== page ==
Hultgren enters 55th, final year as professor

Featured Image: Hultgren courts a tree during a 2017 trip to Alaska with a study abroad group. Elizabeth Malcolm | Courtesy

Dr. Lawrence “Larry” Hultgren has been a professor of Philosophy and the chair of Philosophy at Virginia Wesleyan University since 1969. This school year, Hultgren will be completing his 55th and final year here at VWU.

Prior to coming to VWU, Hultgren received his master’s and PhD at Vanderbilt University in Nashville, Tenn. He has taught many different classes over the past 55 years and has always strived to be an active part of the campus community.

“I teach philosophy and environmental ethics courses,” Hultgren said. “I try to stay involved in the campus—for example, I’m a faculty athletic representative for the NCAA, so I do a lot of work with the athletic department and students.”

Hultgren practically built the Philosophy department as Virginia Wesleyan began expanding. He introduced various classes, most dealing with the philosophical questions that rise in any discipline.

“Philosophy is a very unique discipline. It’s a kind of discipline that really involves so many kinds of facets of our life,” Hultgren said. “[Philosophy] tries to work with those questions that emerge, not just in philosophy but emerge in life and emerge in so many other disciplines as well.”

While Hultgren has made a huge contribution to the field of philosophy, he has also touched the lives of thousands of students during his time here at VWU.

Hultgren has the reputation of a steady, companionable role model, impacting many fellow faculty members as well.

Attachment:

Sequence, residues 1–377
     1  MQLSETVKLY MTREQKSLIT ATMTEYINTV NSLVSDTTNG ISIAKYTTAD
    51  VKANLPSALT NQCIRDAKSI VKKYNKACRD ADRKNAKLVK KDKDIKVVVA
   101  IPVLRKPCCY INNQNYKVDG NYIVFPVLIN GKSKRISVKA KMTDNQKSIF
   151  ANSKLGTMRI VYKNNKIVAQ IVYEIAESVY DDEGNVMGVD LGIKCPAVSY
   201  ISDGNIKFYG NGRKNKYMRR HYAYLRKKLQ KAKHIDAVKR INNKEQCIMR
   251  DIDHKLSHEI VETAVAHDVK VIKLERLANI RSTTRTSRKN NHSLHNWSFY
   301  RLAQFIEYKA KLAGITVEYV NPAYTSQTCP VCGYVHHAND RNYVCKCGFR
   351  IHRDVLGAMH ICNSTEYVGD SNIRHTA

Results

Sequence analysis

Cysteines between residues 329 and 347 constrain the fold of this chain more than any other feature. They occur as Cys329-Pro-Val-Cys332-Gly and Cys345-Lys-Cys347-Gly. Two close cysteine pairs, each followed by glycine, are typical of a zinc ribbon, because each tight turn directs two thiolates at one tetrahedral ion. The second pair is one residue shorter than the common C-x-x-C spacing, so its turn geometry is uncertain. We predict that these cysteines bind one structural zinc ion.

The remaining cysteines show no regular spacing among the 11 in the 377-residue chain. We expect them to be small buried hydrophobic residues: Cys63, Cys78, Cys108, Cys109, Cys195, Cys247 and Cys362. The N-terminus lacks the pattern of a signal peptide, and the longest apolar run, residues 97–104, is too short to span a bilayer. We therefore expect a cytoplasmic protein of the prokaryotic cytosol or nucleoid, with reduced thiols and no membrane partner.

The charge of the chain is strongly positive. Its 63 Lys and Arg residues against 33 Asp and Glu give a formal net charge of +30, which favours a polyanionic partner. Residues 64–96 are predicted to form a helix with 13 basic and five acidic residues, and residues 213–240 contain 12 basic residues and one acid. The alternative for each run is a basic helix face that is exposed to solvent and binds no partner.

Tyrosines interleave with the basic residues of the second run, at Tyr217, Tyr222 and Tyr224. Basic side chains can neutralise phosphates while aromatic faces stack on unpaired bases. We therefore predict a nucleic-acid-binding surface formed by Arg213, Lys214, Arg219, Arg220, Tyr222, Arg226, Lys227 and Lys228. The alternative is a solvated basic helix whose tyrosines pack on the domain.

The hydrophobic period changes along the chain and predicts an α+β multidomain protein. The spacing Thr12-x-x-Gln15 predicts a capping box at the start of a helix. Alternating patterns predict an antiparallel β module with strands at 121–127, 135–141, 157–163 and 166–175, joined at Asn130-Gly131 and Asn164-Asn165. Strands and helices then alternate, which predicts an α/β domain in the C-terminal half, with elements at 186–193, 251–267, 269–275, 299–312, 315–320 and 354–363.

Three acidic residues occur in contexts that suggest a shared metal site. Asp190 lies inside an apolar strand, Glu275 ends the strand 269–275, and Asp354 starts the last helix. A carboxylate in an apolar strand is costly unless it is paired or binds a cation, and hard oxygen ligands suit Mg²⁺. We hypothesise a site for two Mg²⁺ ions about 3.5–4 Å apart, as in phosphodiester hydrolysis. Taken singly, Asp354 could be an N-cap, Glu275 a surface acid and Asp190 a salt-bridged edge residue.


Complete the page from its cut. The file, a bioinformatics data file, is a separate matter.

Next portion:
“Over a 55-year career, he has proven to be a steadfast and supportive presence and a role model for many,” Professor of Media and Communication Kathy Merlock Jackson said. “He was especially helpful to me when I began advising the Ethics Bowl team, coming in to talk to the students each fall and giving them new ways of thinking. Everyone loves Dr. Hultgren, who always knows exactly what to say and do to keep things on an even keel.”

Hultgren pictured in his office in his 55th year of teaching, 2023. VWU | Courtesy

Through the many years Hultgren has spent at VWU, he even made an impression on Virginia Wesleyan’s extended community.

“I remember my two-year-old son Nick being immediately drawn to him; a little child recognizes a good man, and Dr. Hultgren’s kindness and warmth radiate,” Merlock Jackson said.

While Hultgren has left a significant impact on the campus and community of Virginia Wesleyan, there is one value he hopes continues to make an impact.

“One of the values that I still think is so very important is to remind us that teaching is a real privilege,” Hultgren said. “The best dialogue is still going to come from you and I talking together.”

To Hultgren, teaching doesn’t even feel like a job.

“I’ve been here a long time. Happily, not that many students are falling asleep in my classes. And I still enjoy what I’m doing. It’s interesting. I’ve been very fortunate,” Hultgren said. “I think the very fact that we stayed here sort of this long, and I still get excited every day I come in, it still doesn’t feel like a job. It really doesn’t. And so maybe it’s a good thing to leave.”

There isn’t much of a plan for retirement, but the philosopher inside Hultgren can never stop thinking and growing.

“Maybe I’m not retiring, but am just going to rewire. Reread some of these things [gesturing around his office] again, and not having to just read them for class is going to be fun, and discovering some new things, getting a chance to travel to some places in September instead of having to wait until the summer,” Hultgren said.

Of course, there is one important issue to be solved before any deep reflection happens.

“Well, I think my wife has told me that the first project is going to be having to clean up my office. I’ve got more than this at home, and she says that’ll probably take the first year, so I probably won’t have to really worry,” Hultgren said.

Over the past 55 years, Hultgren has made a major impact on the community of Virginia Wesleyan University. Be sure to stop by 224 Blocker Hall sometime before the end of this school year to give your thanks; he’ll surely welcome you right in.


By Eliot Fylstra